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DENPASAR Indonesia (Reuters) - A pregnant U.S. teenager and her boyfriend were on suicide watch on the Indonesian resort island of Bali on Wednesday, police said, after being held as suspects in the murder of the woman's mother whose battered body was found in a suitcase.
No charges have been brought in connection with the death of Sheila von Wiese-Mack, 62, whose body was found in the bloodied case in a taxi outside the luxury St. Regis hotel in Nusa Dua, Bali, last week.
Her daughter, Heather Mack, 19, and Mack's boyfriend, Tommy Schaefer, 21, were arrested and detained as suspects.
Bali police spokesman Hery Wiyanto said the couple were depressed and were on suicide watch.
"Their mental state is checked every day," Wiyanto said. "Tommy seems better, but as they both continue to refuse to speak it is difficult," he said.
The couple have refused to talk to their Indonesian lawyer and a U.S. lawyer was expected to arrive in Indonesia on Wednesday.
"Tommy is under close observation and has no access to materials he could use to (commit) suicide," Wiyanto said.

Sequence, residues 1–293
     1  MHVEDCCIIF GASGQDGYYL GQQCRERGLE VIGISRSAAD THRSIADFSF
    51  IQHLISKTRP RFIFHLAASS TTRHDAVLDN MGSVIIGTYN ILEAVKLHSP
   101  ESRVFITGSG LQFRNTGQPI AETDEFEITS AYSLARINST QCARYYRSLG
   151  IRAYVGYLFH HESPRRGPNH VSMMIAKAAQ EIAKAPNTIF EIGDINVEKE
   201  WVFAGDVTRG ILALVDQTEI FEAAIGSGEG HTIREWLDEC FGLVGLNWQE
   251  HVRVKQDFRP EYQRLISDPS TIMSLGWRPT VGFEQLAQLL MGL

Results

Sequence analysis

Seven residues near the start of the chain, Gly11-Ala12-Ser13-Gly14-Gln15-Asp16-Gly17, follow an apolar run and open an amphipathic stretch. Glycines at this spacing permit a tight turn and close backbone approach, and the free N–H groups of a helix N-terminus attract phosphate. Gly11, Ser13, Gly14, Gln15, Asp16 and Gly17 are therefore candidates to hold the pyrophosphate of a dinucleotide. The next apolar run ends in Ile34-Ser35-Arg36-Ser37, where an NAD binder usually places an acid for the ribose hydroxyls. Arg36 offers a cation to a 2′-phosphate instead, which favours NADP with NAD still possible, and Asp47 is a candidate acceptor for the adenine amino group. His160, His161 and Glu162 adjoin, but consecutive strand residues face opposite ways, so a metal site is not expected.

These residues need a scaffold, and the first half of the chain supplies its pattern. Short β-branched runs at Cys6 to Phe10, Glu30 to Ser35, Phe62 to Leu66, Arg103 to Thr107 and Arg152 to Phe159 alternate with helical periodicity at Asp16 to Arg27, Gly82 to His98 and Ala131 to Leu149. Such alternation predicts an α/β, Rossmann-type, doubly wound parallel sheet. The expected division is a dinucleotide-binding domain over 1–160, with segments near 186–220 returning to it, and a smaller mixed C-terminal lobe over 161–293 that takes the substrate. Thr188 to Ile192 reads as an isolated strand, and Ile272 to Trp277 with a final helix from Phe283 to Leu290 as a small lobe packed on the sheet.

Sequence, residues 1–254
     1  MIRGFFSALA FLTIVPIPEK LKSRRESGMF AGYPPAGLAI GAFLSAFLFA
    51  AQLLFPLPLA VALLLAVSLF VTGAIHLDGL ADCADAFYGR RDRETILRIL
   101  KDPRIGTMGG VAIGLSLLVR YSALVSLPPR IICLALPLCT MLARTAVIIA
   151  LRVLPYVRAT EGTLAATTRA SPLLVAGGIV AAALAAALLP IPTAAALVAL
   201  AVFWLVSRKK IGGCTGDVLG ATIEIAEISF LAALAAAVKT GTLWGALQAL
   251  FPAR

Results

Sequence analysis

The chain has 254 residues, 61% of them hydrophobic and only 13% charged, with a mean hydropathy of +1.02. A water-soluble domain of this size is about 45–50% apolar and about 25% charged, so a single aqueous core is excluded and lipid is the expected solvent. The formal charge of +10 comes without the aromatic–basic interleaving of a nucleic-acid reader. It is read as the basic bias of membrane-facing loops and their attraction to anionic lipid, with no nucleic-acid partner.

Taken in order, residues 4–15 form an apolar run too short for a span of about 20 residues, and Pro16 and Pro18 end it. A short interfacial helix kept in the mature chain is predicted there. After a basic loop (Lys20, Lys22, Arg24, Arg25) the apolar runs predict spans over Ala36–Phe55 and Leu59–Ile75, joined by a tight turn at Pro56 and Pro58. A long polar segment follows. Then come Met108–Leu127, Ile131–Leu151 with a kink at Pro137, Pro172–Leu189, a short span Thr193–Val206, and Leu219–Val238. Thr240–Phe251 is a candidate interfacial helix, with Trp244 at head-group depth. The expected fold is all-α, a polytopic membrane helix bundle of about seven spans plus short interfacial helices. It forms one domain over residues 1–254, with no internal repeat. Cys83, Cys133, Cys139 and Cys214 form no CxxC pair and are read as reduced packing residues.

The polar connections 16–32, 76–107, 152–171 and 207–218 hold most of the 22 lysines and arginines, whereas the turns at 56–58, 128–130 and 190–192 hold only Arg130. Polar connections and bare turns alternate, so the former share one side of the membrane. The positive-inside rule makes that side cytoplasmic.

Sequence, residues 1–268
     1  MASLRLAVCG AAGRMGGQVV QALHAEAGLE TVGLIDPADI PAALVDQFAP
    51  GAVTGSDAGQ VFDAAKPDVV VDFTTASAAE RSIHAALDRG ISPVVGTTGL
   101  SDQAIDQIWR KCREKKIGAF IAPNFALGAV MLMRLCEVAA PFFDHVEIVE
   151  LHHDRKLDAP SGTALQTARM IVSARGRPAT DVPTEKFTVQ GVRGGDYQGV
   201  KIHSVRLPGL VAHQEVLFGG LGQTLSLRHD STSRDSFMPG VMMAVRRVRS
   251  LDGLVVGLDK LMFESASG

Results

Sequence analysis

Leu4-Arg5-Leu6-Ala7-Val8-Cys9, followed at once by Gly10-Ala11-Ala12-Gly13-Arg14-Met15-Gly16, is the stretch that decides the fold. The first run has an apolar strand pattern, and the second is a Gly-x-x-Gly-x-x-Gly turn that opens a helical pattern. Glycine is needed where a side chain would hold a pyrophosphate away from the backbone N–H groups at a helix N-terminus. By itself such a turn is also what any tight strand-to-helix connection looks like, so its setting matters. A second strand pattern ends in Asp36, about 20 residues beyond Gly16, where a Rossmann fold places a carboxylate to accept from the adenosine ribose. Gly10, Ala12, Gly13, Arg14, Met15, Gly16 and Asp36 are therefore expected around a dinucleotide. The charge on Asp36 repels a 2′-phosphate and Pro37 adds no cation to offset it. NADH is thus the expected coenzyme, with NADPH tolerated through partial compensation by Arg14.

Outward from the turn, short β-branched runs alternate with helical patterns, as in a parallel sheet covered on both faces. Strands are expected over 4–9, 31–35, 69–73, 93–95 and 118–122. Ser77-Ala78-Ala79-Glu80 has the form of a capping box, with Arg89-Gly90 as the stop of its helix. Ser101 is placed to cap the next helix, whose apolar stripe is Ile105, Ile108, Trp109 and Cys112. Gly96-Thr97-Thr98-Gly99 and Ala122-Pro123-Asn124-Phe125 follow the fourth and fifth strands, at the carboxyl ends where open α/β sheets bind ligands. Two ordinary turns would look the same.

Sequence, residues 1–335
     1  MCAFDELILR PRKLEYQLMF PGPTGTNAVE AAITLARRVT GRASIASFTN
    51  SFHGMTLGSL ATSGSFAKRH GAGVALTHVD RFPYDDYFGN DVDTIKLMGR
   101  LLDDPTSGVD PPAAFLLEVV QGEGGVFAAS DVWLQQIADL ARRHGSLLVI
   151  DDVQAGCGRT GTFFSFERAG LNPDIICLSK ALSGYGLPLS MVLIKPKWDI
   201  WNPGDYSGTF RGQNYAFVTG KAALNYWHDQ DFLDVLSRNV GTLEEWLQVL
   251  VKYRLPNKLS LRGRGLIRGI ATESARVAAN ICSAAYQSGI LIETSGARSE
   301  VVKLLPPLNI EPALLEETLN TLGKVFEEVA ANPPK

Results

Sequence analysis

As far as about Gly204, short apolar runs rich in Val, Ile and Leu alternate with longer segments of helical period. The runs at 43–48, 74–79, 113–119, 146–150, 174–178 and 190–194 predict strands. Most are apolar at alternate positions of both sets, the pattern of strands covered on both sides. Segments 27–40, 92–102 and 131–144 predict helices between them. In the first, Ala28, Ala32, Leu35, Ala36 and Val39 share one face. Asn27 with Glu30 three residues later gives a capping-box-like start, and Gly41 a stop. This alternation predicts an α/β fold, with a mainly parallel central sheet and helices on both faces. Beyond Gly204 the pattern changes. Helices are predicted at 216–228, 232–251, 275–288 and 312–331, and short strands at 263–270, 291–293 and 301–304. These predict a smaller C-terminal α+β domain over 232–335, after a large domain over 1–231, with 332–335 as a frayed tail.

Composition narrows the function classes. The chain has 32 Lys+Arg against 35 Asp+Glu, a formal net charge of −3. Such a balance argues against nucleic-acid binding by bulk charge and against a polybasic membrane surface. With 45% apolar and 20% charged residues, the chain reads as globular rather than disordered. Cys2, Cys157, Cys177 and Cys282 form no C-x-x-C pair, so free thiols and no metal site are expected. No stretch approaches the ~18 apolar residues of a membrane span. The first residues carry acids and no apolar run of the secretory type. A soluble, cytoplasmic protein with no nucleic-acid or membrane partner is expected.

Police last week provided CCTV footage showing the couple speaking to a taxi driver after dropping the bloodied suitcase along with other luggage outside the hotel.
Police said the two left, apparently to check out of the hotel, and never returned. The case was lifted into the back of a taxi.
The two were arrested at a nearby budget hotel.
An official at the hospital that conducted the autopsy said von Wiese-Mack had been repeatedly hit on the face and head with a blunt object.
The body was flown back to the United States on Tuesday accompanied by an officer with the U.S. Federal Bureau of Investigation, which is assisting in the investigation.
Wiyanto said ultrasound and urine tests had confirmed that Mack was pregnant, as she had said, which he earlier suggested might have been a ruse to ensure she was sent home.
"... In Indonesia there are a lot of cases of pregnant prisoners, if they are already processed through the courts and they are jailed," he said. "So if found guilty, the baby will be born in prison. The baby could grow up in prison with its mother."
Reporting by Trisha Sertori; Writing by Randy Fabi; Editing by Nick Macfie